Friday, 20 February 2015

The U.S. Stock Market Is At Its Most Overvalued Level In History

By Pater Tenebrarum

We frequently run across assertions that the US stock market is allegedly "cheap," because the trailing P/E of the S&P 500 Index has not yet reached the dizzy heights of 1929 or 2000 (of course, quite often the "forward P/E" is cited rather than the trailing P/E. We believe this to be a worthless indicator, as it relies on overoptimistic analyst estimates that are continually revised lower as time passes).

Apart from the fact that the valuation peaks of the two biggest stock market manias in history hardly represent a useful yardstick for determining whether the market is attractively valued or not, these assertions are focused on an index that is capitalization weighted and the average P/E of which is greatly influenced by a small number of momentum stocks. In 2000, the extreme valuations accorded to technology stocks ended up producing a trailing P/E for the S&P 500 in cloud cuckoo land - however, the market as a whole was actually noticeably cheaper than it is today.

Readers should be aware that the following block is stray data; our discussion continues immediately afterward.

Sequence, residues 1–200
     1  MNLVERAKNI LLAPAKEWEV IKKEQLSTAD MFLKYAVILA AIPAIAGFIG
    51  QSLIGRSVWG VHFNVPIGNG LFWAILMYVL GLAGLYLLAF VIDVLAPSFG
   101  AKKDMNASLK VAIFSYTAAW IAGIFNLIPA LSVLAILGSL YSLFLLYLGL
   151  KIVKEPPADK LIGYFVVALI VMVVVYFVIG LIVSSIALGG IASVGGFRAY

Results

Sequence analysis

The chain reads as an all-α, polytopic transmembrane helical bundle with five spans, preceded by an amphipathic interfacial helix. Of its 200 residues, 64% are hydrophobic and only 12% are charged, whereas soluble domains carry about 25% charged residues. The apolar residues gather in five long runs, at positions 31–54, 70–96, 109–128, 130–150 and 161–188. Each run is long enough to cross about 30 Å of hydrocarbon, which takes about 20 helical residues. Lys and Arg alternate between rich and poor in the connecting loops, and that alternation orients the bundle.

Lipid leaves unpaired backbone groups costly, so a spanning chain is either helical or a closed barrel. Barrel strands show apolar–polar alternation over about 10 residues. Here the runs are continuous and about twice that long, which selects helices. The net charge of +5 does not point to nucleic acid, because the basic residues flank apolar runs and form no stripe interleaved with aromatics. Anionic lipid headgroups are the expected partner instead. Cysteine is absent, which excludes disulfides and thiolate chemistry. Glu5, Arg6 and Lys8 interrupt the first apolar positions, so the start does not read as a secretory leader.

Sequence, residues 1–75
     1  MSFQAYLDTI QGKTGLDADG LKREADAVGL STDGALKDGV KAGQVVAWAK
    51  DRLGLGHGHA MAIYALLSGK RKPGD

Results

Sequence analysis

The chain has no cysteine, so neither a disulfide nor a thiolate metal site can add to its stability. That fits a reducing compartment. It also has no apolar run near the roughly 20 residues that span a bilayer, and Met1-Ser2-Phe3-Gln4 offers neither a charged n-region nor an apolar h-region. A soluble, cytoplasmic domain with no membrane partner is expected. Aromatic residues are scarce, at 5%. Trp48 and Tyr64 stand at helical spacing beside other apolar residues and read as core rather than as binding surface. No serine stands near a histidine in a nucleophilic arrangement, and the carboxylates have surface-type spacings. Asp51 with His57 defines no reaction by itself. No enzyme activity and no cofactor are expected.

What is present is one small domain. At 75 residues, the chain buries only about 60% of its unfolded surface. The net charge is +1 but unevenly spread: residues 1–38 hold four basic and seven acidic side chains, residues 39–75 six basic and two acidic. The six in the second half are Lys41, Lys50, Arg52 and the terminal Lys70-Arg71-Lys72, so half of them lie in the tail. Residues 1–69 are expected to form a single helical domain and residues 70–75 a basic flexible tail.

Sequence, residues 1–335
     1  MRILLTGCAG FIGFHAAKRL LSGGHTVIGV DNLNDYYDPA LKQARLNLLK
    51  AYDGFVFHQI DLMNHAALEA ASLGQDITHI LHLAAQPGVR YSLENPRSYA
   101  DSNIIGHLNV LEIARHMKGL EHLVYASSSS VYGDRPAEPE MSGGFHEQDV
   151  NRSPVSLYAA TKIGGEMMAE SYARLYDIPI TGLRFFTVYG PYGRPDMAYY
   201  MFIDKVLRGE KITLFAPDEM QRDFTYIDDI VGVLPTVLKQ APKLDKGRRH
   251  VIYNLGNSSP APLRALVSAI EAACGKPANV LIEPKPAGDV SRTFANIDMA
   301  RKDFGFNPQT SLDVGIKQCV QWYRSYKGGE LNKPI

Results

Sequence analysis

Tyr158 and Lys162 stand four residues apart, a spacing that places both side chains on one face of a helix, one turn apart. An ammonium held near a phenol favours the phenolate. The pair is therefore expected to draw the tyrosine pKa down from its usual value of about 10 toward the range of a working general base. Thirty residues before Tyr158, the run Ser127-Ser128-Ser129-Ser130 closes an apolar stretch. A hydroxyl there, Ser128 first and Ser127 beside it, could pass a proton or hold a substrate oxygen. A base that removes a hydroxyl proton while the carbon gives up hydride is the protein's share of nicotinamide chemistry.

We have already mentioned a few times in the past that the market has never sported a higher valuation in terms price/sales as well as in terms of the median P/E. Dartmouth University Professor Kenneth R. French has calculated the US stock market's median P/E. We were previously unable to find a chart for it, but have now come across a chart that was published by Bloomberg a little while ago, which we reproduce below. Note that the median valuation is even higher at the moment, as the calculation is apparently only performed once a year in the summer months. So the chart depicts the situation as of July 2014.

Only companies reporting a profit are included, so it would be more precise to state that this is the median P/E of the market segment with positive earnings. For comparison purposes, the S&P's P/E ratio is shown as well. What is interesting about this is that the median P/E is currently actually higher than that of the S&P 500 on a trailing basis - something that has never happened before.